40 years ago yesterday the first mobile phone call was made. From a brick sized lump of electronics and at great, great expense. (For those of you of a UK only bent, it was 28 years ago that the first UK mobile phone call was made by none other than Ernie Wise from St Kathrine’s Dock in London to Vodafone’s HQ, which was above a curry house in Newbury). My how things have changed in those 40 years (or 28, if you are counting from Little Ern’s efforts) – but not as rapidly as the inventor of the mobile phone himself had hoped.
Sure, the devices are really quite different, but that’s just Moore’s law at play. What is truly startling – and Martin Cooper, the Motorola chappy who made that first mobile call in New York backs me up here – is that mobile networks still get clogged up. Cooper, while basking in the attention afforded by the anniversary, glumly admitted that he was disappointed that calls still get dropped, connections can be slow and not everything is connected via mobile to each other.
But hopefully all that is about to change with the advent of 4G (not to mention more wifi and better use of 2 and 3G networks) over the summer. In fact, eBay believes that 4G will make a massive difference to mobile retailing, as out lead story this week points out. It believes that there is a £1.8billion bounty to be had if retailers act now to get their mobile houses in order.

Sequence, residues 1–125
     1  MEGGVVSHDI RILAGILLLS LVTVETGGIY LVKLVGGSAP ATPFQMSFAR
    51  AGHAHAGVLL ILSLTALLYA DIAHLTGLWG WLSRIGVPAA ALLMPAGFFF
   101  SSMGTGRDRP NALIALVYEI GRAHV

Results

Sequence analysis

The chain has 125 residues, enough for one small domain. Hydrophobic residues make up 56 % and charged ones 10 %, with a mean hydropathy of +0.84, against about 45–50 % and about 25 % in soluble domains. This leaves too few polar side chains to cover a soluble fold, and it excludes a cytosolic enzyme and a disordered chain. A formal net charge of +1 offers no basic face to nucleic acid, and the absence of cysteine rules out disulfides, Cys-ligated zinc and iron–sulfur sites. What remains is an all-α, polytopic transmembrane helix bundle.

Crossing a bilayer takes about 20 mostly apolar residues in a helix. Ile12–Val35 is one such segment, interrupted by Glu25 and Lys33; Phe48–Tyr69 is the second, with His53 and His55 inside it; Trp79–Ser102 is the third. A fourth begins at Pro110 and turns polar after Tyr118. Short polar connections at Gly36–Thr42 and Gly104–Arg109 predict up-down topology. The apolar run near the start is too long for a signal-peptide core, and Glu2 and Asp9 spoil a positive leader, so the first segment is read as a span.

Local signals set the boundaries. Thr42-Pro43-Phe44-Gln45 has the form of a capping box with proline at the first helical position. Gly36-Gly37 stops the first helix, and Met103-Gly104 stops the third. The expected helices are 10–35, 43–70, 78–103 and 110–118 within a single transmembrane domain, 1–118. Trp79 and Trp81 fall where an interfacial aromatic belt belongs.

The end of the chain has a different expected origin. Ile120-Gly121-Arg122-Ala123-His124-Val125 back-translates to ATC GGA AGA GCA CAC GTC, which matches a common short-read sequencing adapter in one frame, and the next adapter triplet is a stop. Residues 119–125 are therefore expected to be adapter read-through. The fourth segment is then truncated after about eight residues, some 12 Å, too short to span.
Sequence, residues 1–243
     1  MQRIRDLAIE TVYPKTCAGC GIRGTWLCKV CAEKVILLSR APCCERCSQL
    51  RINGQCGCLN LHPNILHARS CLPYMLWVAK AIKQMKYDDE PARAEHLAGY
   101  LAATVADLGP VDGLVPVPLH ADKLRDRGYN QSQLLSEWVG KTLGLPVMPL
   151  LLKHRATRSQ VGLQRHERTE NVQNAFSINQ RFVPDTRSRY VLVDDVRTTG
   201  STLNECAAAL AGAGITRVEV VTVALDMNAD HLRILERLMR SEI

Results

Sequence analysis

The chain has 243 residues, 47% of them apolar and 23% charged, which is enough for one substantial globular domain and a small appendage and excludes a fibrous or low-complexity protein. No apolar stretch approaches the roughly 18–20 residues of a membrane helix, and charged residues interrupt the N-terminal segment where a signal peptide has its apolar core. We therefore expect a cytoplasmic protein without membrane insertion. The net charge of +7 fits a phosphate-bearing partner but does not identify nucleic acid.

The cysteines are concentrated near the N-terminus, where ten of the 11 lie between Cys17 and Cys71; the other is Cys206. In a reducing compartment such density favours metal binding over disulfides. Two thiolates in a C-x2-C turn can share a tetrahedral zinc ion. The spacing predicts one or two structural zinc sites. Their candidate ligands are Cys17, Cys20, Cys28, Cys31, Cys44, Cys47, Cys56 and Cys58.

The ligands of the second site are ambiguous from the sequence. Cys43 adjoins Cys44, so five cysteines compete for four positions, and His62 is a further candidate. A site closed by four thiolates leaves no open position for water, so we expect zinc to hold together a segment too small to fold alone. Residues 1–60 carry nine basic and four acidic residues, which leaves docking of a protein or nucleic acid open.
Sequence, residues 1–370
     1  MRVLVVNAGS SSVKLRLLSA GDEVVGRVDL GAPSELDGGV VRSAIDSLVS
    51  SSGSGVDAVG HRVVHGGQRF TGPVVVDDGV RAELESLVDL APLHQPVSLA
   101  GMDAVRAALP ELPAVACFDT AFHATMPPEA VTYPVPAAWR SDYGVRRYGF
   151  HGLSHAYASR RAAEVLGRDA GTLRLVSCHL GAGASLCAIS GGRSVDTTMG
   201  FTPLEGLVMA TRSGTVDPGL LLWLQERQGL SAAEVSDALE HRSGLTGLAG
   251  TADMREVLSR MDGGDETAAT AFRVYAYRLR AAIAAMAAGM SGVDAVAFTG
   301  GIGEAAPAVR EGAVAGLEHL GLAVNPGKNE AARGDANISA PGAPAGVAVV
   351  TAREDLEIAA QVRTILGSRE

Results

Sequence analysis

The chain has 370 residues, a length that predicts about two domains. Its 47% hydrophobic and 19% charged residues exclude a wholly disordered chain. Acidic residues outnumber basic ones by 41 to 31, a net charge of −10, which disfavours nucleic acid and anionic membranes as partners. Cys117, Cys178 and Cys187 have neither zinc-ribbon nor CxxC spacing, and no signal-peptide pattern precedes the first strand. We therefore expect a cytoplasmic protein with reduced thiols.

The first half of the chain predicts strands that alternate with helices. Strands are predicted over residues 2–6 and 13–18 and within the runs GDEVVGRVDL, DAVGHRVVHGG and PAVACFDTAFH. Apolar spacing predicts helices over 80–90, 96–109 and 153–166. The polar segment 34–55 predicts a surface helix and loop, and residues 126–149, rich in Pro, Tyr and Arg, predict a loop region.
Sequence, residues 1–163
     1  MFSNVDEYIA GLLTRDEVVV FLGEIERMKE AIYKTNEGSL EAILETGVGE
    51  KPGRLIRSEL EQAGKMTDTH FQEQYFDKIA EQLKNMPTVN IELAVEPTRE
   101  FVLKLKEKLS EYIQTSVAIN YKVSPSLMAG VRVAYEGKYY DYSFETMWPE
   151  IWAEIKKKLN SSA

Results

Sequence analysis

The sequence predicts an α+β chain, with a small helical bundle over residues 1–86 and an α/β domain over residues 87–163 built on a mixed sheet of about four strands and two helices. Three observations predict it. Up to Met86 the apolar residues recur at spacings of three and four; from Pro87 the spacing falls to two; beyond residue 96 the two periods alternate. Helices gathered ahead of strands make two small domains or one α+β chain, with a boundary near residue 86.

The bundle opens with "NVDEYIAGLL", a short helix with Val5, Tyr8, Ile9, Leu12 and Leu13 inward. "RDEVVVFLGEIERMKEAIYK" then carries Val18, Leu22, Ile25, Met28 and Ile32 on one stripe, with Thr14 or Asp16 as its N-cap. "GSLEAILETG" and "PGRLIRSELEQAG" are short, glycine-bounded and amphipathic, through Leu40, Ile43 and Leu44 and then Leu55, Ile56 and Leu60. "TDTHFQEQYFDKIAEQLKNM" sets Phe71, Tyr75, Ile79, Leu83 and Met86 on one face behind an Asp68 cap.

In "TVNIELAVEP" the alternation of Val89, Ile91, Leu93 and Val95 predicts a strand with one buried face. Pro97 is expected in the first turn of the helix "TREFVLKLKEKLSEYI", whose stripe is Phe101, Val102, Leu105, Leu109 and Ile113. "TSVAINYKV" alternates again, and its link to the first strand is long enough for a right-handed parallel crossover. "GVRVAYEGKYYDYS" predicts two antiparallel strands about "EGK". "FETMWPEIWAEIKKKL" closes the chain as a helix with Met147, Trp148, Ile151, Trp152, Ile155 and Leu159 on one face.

As ever, it is being driven by consumers, but retailers need to really start to think mobile in everything they do to capitalise on how consumers are looking to use devices. 4G will make the UK truly digital (hopefully, finally Mr Cooper) and it will on the face of it make getting online and doing things faster. But the real challenge is ‘thinking digital’. The real benefits of 4G for retail in how it changes processes, produces new products and services and caters for new ways of shopping.
As reported last time – on the back of IRX 2013 at the NEC – mobile holds the key to turning around the high street. Shops are likely to become 3D catalogues of goods where people can touch and feel and try then buy on mobile. Understanding and embracing such radical ideas as this is what digitising retail really means. It is not just a mobile issue, but one that is truly omni-channel (oops, Bandwagoning again) with mobile – and 4G – at its core.
Its all a far cry from Ernie Wise, a curry house and a brick, but 4G is likely to usher in the vision of a mobile world that Martin Cooper envisaged all those years ago. Of course, the arrival of the Facebook phone – possibly turning Facebook into a new breed of network operator with a billion customers – could really shake things up, but that’s something we’ll have to leave until tomorrow….